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The Pa. Constitution supports a fair education for all – rich and poor alike | Opinion

The drafters were emphatic that Pennsylvania children should be prepared for the duties of citizenship

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By Jules Lobel

Nearly 150 years ago, Pennsylvanians made a commitment to quality public education when they adopted a Constitution with an education clause that begins, “The General Assembly shall provide for the maintenance and support of a thorough and efficient system of public education.”

Today, the meaning of that language is a central issue before a Commonwealth Court judge in a lawsuit that challenges Pennsylvania’s widely criticized school funding system as not just unfair and inadequate but unconstitutional.

So what does the education clause of the Pennsylvania Constitution first drafted in the 1870s mean?

Derek Black, an education law scholar and professor at the University of South Carolina, who recently testified at the school funding trial in Harrisburg, provided important insights.

As he explained, the 1874 Pennsylvania Constitution laid the foundation for the opening, upgrading, and support of public schools in every corner of the commonwealth.

The record of the delegates’ debates is eight volumes, each running 800 pages, and education was the top topic. Delegates delved into the minutiae of public schooling, debating both mundane and large issues.

According to Black, the extensive nature of the delegates’ debates showed just how hard they were trying to get it right – to achieve the “best form of education system.” They regarded public education to be “the duty” of the state as a matter of justice and self-preservation.

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At the time, the state funded so-called pauper schools, serving the poorest children. Communities typically funded their own local schools, which proved a struggle in the state’s frontier areas. Taxes in some places were oppressive.

The delegates expressed no interest in sticking with that status quo patchwork of decent schools in more established towns and bare-bones schools in communities unable to raise adequate revenues. Black said they disdainfully dismissed the legislature’s prior efforts – “a farce,” they called it.

Instead, the framers mandated one system for all students. For the first time, school attendance would be mandatory at a time when 75,000 young people across the state received no schooling at all.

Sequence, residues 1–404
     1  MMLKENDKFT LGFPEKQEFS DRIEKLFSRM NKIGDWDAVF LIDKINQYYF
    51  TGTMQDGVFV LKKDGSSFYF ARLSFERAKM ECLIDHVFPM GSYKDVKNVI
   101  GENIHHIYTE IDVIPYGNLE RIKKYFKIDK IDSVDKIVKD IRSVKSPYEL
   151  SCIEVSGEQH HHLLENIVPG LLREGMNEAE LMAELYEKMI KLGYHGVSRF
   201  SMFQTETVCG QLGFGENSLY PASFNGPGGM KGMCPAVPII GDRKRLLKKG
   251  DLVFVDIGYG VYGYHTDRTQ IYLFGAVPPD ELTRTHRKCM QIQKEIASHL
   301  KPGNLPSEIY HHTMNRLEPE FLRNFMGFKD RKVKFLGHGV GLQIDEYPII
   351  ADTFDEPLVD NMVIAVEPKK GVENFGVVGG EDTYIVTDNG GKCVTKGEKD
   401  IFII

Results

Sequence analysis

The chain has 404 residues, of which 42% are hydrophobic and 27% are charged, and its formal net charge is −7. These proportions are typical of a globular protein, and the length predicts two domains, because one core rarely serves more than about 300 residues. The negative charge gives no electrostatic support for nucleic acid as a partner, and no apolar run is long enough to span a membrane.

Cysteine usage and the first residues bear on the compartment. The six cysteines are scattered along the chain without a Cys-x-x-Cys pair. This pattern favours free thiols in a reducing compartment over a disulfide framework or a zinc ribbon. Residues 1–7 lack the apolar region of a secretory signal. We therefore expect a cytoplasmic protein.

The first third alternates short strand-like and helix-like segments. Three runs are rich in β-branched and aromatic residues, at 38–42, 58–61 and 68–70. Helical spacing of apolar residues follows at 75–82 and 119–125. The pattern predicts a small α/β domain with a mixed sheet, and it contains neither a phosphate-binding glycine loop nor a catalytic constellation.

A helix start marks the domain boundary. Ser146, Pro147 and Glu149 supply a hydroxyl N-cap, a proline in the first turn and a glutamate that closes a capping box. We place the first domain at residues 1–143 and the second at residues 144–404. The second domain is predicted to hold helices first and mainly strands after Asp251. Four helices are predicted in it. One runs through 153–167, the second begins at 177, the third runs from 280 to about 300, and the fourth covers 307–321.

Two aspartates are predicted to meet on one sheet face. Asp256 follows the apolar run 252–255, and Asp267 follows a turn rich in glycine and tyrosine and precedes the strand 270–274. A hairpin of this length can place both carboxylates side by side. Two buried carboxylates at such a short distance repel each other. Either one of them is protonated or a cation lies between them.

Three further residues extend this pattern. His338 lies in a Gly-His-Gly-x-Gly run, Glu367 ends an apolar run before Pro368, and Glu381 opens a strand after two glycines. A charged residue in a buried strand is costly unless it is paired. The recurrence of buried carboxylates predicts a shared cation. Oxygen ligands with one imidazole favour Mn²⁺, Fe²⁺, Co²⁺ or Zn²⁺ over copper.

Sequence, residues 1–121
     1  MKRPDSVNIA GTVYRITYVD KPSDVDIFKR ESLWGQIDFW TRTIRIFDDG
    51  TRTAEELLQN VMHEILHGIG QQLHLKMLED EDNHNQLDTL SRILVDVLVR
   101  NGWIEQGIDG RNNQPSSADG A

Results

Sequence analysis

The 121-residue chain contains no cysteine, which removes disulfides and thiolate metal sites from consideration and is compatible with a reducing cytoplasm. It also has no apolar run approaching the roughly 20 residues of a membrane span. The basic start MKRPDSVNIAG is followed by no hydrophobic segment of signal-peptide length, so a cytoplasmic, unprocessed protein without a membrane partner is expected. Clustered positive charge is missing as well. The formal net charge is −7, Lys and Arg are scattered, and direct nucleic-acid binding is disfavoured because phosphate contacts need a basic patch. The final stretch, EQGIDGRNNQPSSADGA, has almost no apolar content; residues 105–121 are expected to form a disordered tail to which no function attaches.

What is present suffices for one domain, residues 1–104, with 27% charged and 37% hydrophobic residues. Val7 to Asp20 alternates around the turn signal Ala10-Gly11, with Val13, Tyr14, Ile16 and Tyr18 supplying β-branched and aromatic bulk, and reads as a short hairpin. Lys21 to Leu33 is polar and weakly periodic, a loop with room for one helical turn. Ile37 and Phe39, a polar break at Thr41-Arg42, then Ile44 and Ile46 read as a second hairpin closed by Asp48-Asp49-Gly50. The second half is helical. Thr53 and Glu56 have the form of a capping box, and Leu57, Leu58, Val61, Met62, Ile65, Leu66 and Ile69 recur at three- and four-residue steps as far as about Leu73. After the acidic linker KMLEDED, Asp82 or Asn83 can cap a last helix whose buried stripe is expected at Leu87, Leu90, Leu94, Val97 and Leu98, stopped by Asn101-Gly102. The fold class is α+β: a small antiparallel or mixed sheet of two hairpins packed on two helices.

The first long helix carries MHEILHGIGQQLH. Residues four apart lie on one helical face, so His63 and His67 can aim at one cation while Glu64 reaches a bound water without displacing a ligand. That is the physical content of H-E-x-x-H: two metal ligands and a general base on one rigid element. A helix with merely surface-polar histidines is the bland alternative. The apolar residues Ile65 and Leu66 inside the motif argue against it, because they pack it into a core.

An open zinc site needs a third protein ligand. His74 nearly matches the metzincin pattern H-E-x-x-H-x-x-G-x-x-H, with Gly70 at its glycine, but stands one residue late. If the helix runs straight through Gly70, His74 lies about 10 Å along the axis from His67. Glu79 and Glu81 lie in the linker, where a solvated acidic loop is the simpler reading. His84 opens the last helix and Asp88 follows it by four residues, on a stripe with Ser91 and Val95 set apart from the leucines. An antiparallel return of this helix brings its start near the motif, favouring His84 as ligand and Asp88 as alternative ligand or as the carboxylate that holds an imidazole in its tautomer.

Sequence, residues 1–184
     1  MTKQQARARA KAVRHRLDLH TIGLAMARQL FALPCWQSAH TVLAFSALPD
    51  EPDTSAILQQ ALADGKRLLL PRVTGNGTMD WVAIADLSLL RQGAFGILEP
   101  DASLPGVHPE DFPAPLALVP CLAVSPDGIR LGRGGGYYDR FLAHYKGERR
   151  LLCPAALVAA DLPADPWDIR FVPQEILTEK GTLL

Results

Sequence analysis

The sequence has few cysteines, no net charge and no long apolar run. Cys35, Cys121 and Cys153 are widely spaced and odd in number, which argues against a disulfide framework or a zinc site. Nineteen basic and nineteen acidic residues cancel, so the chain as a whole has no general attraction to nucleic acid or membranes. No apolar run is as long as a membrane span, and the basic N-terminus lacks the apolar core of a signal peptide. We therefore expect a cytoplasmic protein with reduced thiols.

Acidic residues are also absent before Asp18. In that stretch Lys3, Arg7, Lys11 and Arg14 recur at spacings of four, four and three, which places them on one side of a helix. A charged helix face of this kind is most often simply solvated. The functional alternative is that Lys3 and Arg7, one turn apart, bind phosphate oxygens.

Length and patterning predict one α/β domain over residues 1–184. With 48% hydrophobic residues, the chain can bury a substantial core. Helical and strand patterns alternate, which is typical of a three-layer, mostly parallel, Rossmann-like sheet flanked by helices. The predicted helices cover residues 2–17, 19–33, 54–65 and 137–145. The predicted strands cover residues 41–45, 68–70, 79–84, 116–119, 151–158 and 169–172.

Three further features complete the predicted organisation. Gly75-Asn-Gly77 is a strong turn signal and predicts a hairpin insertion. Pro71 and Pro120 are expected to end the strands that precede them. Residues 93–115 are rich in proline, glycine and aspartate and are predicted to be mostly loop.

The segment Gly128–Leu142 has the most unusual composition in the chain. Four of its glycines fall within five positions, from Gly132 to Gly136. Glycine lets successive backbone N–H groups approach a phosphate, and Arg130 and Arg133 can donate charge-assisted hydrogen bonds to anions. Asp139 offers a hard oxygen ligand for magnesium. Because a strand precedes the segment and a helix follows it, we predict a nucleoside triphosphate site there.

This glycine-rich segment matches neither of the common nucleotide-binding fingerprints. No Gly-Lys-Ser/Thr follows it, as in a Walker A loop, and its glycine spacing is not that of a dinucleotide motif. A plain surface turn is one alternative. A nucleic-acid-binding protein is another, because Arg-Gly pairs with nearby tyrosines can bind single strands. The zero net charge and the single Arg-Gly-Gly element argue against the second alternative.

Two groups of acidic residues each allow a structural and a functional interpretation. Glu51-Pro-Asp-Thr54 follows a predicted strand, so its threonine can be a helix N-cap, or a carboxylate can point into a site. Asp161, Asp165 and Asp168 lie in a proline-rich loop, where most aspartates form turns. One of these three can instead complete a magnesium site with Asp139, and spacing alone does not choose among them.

But according to Black, the delegates were not merely interested in providing a system of schools for all. They sought to ensure a high quality of education, mandating no less than $1 million funding in the education clause itself – an effort, he said, to thwart the tightwad tendencies of the General Assembly. That sum represented a dramatic 40 percent increase over previous annual spending.

“Thorough and efficient” was a term of art in use in other states’ constitutions, ultimately embraced by the Pennsylvanians as core language for the new education clause. As Black noted, “efficient” in the context of the 1870s was analogous to “effective” – unlike the modern concept of business efficiency.

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Their debates made clear they linked education to preservation of democracy. Black summarized their viewpoint saying, “A republican form of government is not self-sustaining and doesn’t preserve itself if its constituent members are not educated.”

The drafters were emphatic that Pennsylvania children should be prepared for the duties of citizenship – that is, to become informed voters. And the system was for the benefit of children themselves, not just democracy.

Black’s meticulous historical research into delegates’ debates and deep knowledge of other state constitutions revealed that Pennsylvania’s goal was to elevate the quality of education in local schools. Delegates looked at every little issue to make it “crystal clear” to the legislature their commitment to high-quality education, he said.

There were some good schools in Pennsylvania at the time, so the delegates used the term ‘thorough and efficient’ to mandate a floor below which no school in Pennsylvania could fall. The idea was to lift up struggling schools to be “on the same plane” as the state’s well-regarded schools, Black concluded.

High-quality schools were the goal and the standard set down in the Pennsylvania Constitution nearly 150 years ago. That is not the current reality in large portions of our state. But that goal and standard are what commonwealth children and educators continue to be entitled to now.

The current constitutional challenge to the way the state funds education is an historic opportunity to truly actualize a thorough and efficient system of public education. That goal is not only fair and equitable, it is essential to a functioning democracy. It is harder to vote intelligently, participate in governance, and exercise the right to free speech without an adequate education. The framers of the Pennsylvania Constitution 150 years ago recognized that truth; it is tragic that we have forgotten what was so widely accepted long ago.

Jules Lobel is a professor at the University of Pittsburgh Law School. 

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